Missionaries had been praying that God would someday enable them to take the gospel to these Aucas, but it had never happened. It wasn’t until 1956 that the first “Operation Auca” was attempted. Five young American men banded together to do this.

I want to tell you a little bit about who they were and how they got there.

First, there was Nate Saint from Philadelphia, one of the founders of the Missionary Aviation Fellowship. He inaugurated the program of jungle flying in the eastern jungle of Ecuador. Pilots who have watched film footage of some of Nate’s landings on those canyons of green trees in the jungle have said that, “It’s impossible!” Nate was a genius! He was a rather slightly built blonde guy with a terrific sense of humor, a creative imagination, and an almost fanatical discipline and caution as a flyer.

Then there was Roger Youderian, a cowboy from Montana. He went into World War II as a paratrooper, was wounded, and somehow he ended up in the eastern jungle of Ecuador working with the Jivaros, those Indians that you’ve heard of who used to shrink people’s heads and put them up on poles around their houses or wear them on their belts. Really nice guys!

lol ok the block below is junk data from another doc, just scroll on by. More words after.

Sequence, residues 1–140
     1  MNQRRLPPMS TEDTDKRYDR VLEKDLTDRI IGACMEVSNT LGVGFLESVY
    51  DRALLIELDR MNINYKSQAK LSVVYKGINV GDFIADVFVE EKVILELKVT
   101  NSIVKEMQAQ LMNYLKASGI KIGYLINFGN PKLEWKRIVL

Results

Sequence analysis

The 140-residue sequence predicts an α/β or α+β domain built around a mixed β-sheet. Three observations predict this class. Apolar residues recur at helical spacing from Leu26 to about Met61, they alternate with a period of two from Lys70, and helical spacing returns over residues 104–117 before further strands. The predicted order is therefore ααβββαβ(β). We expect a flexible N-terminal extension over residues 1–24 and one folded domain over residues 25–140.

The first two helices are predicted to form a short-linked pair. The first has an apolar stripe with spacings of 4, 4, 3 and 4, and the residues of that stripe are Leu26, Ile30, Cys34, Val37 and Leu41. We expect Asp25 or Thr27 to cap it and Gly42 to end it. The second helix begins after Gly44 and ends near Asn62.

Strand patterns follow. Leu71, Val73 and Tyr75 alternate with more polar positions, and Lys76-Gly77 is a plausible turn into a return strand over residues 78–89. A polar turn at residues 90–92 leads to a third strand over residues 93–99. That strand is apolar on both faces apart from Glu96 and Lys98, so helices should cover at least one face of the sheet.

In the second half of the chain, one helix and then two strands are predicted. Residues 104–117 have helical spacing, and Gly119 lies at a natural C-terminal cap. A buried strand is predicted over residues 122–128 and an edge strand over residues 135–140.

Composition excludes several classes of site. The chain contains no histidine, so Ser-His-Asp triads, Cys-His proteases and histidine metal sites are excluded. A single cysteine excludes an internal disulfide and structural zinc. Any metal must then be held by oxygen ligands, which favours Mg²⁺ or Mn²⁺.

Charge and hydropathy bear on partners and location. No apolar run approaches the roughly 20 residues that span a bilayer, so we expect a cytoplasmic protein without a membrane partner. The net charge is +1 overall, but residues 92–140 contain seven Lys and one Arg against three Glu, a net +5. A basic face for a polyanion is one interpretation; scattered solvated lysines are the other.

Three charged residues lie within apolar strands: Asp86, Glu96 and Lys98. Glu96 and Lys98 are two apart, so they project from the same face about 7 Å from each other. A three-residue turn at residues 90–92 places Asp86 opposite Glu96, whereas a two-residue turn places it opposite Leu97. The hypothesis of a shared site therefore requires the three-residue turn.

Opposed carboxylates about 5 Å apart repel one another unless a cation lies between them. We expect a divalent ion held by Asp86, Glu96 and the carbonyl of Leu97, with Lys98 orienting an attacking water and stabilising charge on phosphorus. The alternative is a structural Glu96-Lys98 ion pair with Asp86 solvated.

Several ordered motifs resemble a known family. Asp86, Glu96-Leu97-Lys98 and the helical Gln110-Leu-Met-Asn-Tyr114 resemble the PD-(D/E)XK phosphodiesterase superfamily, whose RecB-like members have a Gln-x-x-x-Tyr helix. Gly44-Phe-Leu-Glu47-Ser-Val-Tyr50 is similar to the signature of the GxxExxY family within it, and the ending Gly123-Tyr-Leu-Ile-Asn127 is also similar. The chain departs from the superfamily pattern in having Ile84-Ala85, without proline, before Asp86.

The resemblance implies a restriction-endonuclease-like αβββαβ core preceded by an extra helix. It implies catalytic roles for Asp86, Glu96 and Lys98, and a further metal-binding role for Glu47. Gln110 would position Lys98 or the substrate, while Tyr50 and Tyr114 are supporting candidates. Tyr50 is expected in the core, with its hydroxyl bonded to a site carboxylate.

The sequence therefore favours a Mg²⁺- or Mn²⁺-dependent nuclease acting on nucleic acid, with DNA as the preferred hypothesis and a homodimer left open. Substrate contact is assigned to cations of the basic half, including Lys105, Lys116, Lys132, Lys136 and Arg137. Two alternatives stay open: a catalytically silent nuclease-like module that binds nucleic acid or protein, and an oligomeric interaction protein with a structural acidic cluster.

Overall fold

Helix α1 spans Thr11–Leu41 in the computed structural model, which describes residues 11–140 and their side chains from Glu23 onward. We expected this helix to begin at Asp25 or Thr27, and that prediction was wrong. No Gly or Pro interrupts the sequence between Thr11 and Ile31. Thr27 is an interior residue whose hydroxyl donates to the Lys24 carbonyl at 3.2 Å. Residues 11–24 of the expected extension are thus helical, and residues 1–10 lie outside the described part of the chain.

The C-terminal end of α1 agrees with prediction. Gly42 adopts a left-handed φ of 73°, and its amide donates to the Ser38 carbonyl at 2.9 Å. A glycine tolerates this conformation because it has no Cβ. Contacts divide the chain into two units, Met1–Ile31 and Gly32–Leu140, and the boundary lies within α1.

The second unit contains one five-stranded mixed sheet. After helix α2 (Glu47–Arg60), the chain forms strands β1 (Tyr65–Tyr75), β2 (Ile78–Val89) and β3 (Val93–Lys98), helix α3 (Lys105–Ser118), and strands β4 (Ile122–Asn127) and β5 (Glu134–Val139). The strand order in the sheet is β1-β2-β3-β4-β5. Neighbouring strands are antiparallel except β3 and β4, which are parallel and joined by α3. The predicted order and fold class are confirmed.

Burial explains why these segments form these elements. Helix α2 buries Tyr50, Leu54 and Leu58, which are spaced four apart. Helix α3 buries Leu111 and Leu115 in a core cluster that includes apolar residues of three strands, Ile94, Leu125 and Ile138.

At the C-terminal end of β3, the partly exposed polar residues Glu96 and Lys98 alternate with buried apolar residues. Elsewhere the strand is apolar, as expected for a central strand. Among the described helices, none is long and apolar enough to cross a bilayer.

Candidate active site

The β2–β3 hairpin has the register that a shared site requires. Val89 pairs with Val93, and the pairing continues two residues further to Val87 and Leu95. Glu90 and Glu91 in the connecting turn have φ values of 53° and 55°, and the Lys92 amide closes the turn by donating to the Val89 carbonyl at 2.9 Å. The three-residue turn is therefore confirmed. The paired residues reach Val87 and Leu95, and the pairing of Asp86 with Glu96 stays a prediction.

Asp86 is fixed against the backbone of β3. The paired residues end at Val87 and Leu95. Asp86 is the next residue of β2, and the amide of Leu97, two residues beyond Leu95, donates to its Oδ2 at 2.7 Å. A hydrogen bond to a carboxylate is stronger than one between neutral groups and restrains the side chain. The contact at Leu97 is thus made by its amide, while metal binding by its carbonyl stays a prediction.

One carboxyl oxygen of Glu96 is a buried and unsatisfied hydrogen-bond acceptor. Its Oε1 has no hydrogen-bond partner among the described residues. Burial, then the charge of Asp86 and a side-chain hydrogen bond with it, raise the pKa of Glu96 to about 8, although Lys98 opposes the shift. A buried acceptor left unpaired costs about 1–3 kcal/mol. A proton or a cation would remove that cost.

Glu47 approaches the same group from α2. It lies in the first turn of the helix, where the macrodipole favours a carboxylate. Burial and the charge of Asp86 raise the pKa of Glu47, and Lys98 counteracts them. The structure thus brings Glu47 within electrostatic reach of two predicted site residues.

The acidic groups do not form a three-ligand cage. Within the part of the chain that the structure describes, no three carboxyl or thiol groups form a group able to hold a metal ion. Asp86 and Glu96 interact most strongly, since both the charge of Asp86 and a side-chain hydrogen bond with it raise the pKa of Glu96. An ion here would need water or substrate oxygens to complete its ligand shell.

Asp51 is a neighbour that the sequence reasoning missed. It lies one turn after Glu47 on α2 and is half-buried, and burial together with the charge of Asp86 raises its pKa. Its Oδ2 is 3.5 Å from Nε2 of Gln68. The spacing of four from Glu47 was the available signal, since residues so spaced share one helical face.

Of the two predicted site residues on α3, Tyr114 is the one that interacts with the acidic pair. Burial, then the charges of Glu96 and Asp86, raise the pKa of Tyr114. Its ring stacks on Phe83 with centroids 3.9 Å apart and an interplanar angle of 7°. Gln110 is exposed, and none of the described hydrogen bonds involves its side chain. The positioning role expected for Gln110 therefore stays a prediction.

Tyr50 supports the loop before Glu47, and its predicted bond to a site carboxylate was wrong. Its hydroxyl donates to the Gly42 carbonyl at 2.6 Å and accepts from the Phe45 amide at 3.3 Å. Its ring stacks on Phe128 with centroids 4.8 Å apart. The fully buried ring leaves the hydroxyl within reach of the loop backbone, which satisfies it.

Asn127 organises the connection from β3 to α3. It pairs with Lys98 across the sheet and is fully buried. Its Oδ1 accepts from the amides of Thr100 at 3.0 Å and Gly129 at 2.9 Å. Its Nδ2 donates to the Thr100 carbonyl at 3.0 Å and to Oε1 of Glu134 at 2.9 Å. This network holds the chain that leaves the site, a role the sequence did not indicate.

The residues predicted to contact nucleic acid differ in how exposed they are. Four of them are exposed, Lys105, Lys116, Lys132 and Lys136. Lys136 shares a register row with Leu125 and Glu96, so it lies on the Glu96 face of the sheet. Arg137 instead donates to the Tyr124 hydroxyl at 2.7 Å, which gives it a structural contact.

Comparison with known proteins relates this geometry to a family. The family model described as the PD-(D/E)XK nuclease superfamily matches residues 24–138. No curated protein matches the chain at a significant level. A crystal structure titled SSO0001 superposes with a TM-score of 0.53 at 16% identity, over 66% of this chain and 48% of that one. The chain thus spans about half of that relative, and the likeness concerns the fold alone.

The next man was Pete Fleming from Seattle, Washington, an earnest scholarly type who had a Master’s Degree in Literature and planned on an academic career. God had another plan for Pete. He ended up in the jungle of Ecuador, working with the Quichua Indians, reducing their language to writing and beginning the rudiments of Bible translation.

Ed McCully was a guy that I knew in college, and when I think back, there’s hardly anybody who seemed less likely to me to become a missionary than Ed McCully. He was handsome. Good looks can open a lot of doors, but I don’t think they’ll get you very far on the mission field! Doesn’t it seem like kind of a waste? I mean, here was this guy, six-feet-three, football player, track star, president of his class. When the Hearst newspaper chain sponsored a nationwide oratorical contest, there were twenty-thousand entrants. Just picture everybody that’s at KC ’83 entering that oratorical contest. Ed McCully won first place! He was smooth.